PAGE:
In the process of trying to stand apart from its predecessor, 2019’s Pet Sematary ignores some of the best scenes and elements in the book. For example, there is no indicated hatred between Louis and his in-laws, which results in the movie wholly skipping over the confrontation between the protagonist and Rachel’s father at his child’s funeral. It’s a crushing moment in Stephen King’s novel when Louis gets a glimpse at Gage’s lifeless arm when the coffin is knocked over, and a key ingredient in his mental breakdown – but the conflict is absent in Kevin Kölsch and Dennis Widmyer’s work.
Technically, it doesn’t totally matter, because another major thing that the remake skips over is Louis’ aforementioned mental breakdown. The character is unquestionably rocked by grief, and he is driven to make some terrible choices as a result of it, but the depiction gets nowhere near the giggling, spiraling descent into madness that is described in disturbing and haunting detail in the book. It’s a part of the text that didn’t get enough emphasis in the 1989 movie, and while Jason Clarke is an actor who certainly has the talent to pull off that kind of emotional escalation, the material doesn’t provide him with the opportunity.
Is It Worthy Of The King?
Even as a fan with an unconditional love for Mary Lambert’s Pet Sematary, I greatly anticipated the release of Kevin Kölsch and Dennis Widmyer’s remake. With Hollywood having a case of Stephen King fever, I hoped that it would be a film that got all of the resources it would need to create a faithful adaptation of the novel that wouldn’t flinch from the material. I was excited about the possibility of seeing a resurrected Gage Creed that could be brought to life (haha) in all his nightmarish terror with visual effects and advanced puppeteering technology in addition to a talented child actor. I was looking forward to seeing Louis Creed’s sanity snap under the weight of unyielding grief and guilt.
The movie ended up delivering nothing that I was looking for.
As a general rule, I like to see remakes that don’t feel obligated to tell the exact same story as their predecessor, but that’s primarily because the vast majority of remakes are in constant search of a reason for existing beyond being a studio cash grab. That, however, was not the case here. While I’d argue that there is no topping Fred Gwynne’s version of Jud Crandall, much could be enhanced from the 1989 movie with modern horror sensibilities and filmmaking techniques, but the remake opts to shy away from what makes Pet Sematary exceptional and notorious.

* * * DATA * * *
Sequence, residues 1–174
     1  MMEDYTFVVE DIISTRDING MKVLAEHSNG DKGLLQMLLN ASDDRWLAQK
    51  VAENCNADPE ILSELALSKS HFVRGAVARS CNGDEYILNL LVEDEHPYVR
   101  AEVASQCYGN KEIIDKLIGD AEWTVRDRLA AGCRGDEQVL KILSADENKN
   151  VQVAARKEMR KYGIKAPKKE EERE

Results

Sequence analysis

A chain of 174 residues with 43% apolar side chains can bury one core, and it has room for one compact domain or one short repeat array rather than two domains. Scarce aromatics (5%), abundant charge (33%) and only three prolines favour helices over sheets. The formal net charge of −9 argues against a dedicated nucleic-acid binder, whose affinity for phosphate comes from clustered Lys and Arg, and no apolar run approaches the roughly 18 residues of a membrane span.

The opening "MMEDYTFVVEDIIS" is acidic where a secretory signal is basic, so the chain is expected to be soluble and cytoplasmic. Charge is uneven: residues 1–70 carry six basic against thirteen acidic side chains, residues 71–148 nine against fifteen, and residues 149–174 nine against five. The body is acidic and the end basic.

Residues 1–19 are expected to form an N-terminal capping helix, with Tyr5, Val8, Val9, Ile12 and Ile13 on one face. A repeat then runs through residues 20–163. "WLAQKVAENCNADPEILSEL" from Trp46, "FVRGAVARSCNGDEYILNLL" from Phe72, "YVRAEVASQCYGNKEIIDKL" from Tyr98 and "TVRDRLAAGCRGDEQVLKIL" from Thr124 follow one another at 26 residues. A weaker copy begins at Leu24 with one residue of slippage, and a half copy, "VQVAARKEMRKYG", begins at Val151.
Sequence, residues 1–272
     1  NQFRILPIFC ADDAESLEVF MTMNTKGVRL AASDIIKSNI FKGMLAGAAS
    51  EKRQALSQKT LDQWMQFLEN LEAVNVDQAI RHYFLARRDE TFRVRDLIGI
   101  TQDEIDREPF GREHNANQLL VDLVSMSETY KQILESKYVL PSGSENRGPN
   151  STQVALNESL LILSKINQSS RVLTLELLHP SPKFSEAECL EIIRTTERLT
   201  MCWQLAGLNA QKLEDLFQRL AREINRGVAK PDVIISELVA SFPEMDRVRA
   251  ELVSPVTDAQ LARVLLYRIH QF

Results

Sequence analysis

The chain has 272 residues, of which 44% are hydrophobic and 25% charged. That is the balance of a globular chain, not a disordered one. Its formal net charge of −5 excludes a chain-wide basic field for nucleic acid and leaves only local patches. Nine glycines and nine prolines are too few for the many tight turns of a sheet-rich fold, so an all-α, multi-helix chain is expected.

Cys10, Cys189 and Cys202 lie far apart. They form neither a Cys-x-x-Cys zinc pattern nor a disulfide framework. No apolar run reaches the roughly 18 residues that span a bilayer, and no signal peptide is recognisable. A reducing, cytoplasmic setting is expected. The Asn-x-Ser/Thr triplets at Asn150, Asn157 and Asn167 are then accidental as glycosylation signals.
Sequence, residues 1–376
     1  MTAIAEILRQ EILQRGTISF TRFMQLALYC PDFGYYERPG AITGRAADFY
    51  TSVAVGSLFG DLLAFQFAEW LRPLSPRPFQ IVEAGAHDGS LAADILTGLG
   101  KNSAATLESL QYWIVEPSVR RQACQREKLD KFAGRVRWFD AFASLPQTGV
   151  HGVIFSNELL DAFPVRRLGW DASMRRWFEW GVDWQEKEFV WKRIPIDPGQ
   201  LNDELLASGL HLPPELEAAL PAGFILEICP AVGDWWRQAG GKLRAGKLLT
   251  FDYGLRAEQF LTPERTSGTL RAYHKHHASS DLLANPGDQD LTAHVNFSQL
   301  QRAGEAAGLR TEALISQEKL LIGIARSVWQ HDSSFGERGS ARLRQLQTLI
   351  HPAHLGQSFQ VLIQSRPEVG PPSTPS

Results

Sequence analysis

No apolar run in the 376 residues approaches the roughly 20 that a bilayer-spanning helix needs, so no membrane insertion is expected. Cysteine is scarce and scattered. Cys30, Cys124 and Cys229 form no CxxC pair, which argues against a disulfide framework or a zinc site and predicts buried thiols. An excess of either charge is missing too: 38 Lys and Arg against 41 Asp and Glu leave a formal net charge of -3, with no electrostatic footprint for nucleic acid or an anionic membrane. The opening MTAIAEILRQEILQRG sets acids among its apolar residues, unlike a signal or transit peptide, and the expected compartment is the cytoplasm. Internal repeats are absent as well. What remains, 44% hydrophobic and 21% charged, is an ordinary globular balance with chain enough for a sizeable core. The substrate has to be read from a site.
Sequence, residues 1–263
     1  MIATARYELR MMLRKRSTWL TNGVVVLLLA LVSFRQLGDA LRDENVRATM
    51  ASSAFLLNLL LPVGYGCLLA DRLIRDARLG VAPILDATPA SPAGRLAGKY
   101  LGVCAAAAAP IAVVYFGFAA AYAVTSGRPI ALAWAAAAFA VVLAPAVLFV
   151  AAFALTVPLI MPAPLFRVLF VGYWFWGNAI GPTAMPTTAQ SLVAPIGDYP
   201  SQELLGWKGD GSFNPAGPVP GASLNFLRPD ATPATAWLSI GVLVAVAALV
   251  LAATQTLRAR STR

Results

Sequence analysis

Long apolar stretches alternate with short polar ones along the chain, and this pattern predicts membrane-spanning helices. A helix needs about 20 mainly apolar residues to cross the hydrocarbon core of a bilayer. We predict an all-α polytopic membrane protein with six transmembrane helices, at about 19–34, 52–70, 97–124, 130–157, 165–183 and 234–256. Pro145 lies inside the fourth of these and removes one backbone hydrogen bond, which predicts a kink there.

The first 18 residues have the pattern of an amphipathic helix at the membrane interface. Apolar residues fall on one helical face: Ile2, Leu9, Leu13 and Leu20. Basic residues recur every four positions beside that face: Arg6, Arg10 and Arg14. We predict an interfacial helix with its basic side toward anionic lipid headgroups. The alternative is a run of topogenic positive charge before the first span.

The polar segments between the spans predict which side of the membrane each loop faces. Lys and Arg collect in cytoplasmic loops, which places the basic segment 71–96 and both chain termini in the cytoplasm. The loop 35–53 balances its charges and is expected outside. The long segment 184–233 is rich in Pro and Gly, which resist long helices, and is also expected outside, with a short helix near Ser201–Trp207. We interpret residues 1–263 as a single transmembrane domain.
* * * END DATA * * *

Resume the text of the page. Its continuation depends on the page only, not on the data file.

While the death of any child is obviously terrible, spooky/creepy/undead preteens are ubiquitous in the horror genre, and swapping Ellie into Gage’s role has the stink of being a cop out on behalf of the filmmakers to make production easier. The obscenity that is an evil possessing the body of an innocent two-year-old boy is the heart of what makes Stephen King’s book so intensely scary and memorable, and it’s terrible that this adaptation has the gall to cut it out.
Nostalgia and the demonstrated guts/creative integrity will forever endear me to Mary Lambert’s Pet Sematary, but I am still waiting to see a perfect adaptation of Stephen King’s book, because the 2019 remake most definitely isn’t it. I’ll keep my fingers crossed hoping that it won’t be another 20 years before a new take on the book is given the green light – if not especially because I want to see the take on the material that writer/director Guillermo del Toro says he would kill to make.
How To Watch Kevin Kölsch and Dennis Widmyer’s Pet Sematary
At the very least, the two adaptations of Pet Sematary do make for interesting side-by-side watching, and that’s a screening schedule that is very easy to arrange thanks to the films’ wide availability on home video. The 2019 movie is not presently available on any of the major subscription streaming services, but it is available to both rent and purchase digitally from online retailers including Amazon Prime Video (opens in new tab), Google Play (opens in new tab), Vudu (opens in new tab), Apple (opens in new tab), and Redbox (opens in new tab). If you’re looking for the highest quality physical media version of the remake to add to your Ultimate Stephen King Collection, the 4K edition (opens in new tab) is widely available. You can also purchase the Pet Sematary 4K set (opens in new tab), which includes both of the book’s adaptations.
Moving deeper into the year 2019, next week’s Adapting Stephen King will be taking a close look at what was arguably one of the most anticipated horror sequels of all time: Andy Muschietti’s IT Chapter Two. How does it treat the adult storyline from the book, and how does it co-exist with the beloved IT Chapter One? My featuring digging into that subject matter will be available to read in the CinemaBlend Movies section on Wednesday. Until then, you can check out all of the previous installments of this column by clicking through the banners below.(opens in new tab) (opens in new tab) (opens in new tab) (opens in new tab) (opens in new tab) (opens in new tab)
NJ native who calls LA home and lives in a Dreamatorium. A decade-plus CinemaBlend veteran who is endlessly enthusiastic about the career he’s dreamt of since seventh grade.